Adrian Gonzalez could have worked out. But i also recognize Taijeron could have also beaten his odds (however incredibly low they were) and played well.
“My hope is that moving forward, the Mets show discretion as to when’s the best time to seek a veteran compared to when the best time to give a young guy a shot.”
I agree – we need to look at a case-by-case basis rather than just have a blanket mindset of “Preference to veterans” or “Always choose the youngster”
To me the thing is that when we picked up Uribe and Johnson – they were both producing. We got guys with a 112 and a 125 OPS+. That’s a whole different ballgame than what was going on with Loney (below average in Triple-A, 91 OPS the previous year in the majors), Gonzalez (70 OPS+) or Ankiel (92 OPS+)
And to take it one step further, Uribe and Johnson were acquired to be platoon bats/top-end bench guys. They both made 29 starts and were on the roster for 65 games. They weren’t gifted starting jobs like Loney, Gonzalez and Ankiel.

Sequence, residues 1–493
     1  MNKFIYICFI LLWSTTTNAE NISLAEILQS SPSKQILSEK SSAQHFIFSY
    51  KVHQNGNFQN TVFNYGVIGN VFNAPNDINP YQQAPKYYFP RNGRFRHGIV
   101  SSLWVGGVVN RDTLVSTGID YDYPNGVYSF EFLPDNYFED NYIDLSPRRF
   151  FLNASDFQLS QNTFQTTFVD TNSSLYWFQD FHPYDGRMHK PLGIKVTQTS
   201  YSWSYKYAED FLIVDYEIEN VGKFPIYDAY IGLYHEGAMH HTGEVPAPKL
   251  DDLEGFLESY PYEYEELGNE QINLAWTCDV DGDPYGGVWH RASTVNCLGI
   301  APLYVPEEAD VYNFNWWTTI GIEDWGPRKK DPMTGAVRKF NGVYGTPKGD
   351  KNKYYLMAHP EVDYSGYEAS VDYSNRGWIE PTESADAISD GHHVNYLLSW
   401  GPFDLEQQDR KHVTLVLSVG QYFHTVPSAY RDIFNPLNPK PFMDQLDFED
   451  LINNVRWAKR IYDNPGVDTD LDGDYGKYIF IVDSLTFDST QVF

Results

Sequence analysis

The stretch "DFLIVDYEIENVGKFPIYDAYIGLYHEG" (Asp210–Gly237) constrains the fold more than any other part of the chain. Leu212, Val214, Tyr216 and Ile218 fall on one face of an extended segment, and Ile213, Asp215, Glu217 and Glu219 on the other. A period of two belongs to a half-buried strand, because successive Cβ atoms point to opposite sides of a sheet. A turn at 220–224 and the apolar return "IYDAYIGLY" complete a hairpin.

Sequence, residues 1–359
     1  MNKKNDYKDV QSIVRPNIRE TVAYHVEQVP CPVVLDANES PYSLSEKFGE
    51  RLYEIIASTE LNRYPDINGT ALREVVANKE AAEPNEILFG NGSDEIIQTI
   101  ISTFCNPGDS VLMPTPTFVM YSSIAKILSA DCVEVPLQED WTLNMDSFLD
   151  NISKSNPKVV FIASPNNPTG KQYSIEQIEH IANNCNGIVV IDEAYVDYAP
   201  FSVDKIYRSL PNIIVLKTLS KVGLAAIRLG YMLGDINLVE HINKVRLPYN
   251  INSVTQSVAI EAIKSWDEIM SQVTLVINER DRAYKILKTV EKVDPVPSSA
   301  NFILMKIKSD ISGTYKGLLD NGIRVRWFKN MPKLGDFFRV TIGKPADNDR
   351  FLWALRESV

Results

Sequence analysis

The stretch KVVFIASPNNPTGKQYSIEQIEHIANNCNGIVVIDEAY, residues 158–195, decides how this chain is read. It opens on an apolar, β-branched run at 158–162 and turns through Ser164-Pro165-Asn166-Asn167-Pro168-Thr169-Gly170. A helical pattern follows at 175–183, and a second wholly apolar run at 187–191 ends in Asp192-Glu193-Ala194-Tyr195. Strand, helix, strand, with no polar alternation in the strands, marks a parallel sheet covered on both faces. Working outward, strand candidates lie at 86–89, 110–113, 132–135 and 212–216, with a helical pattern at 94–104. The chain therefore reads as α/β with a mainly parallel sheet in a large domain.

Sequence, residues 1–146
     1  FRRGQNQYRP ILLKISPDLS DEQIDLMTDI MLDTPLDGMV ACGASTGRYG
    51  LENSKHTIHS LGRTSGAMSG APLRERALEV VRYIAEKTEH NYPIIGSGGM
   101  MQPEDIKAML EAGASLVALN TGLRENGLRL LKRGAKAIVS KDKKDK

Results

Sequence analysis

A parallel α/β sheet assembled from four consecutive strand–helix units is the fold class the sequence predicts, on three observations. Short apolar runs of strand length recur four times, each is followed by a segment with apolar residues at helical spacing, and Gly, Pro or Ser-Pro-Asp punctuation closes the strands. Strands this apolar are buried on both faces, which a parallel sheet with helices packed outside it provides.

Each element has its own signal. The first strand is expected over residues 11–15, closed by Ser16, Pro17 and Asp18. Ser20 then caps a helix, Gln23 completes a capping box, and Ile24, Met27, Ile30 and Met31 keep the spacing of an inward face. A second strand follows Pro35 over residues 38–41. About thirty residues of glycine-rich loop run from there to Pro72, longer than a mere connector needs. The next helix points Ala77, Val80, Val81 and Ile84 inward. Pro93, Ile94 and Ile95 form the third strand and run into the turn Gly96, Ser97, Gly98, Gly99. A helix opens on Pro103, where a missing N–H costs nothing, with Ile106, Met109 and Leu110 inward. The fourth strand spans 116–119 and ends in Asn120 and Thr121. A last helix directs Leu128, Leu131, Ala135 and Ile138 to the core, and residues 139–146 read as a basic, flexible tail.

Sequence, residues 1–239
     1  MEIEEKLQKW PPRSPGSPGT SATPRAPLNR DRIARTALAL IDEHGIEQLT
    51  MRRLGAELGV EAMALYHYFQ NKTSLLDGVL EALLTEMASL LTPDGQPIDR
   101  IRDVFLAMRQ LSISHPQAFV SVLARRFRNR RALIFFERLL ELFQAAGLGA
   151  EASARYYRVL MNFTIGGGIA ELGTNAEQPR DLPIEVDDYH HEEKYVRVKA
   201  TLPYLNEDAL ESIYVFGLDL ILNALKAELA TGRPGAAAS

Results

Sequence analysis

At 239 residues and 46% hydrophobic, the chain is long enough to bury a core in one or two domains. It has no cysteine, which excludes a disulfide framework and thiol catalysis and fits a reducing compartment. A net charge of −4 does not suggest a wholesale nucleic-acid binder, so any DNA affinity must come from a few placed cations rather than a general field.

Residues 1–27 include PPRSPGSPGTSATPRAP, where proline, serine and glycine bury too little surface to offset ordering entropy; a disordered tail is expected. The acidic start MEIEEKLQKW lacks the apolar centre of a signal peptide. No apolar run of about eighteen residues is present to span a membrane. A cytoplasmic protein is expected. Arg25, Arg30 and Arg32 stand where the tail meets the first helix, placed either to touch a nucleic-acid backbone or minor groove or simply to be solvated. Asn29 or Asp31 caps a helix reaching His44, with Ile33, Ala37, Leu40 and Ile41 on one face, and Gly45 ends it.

Jose Bautista was struggling when we picked him up and gifted him a starting job and he worked out ok.
Also Brad Brach.
Even though we tend not to remember good things do occasionally happen to older guys on the Mets.
Bautista came off the bench in 4 of his first 7 games.
He came off the bench in 11 of his first 19 games
In his first 26 games he started 12 of them.
Bautista just wasn’t gifted a starting slot like the others.
Loney started his first 42 games
Gonzales started 25 of his first 30 games
Ankiel started 17 of his 20 games
Edit: I don’t want to come across as saying that all veterans are bad. But maybe if a guy hasn’t been good in several years, you don’t immediately make him a full-time starter. Make him earn it, like they did with Bautista, Johnson, Uribe and Marlon Byrd, too.
Name—some of your list may still make a contribution…. and attributing failure to “the Few position prospects we have tried…”….?? Alonzo, Conforto, Nimmo, McNeill, Rosario…. Smith…. add Guillorme, and Nido—maybe Davis( not expressly home grown)….. that’s a bunch of truly Home Grown Position Guys over a Handful of recent years.
This Met’s team is considerably “Home Grown”…. or early 1st chance guys, cutting their teeth and producing with a Big League chance.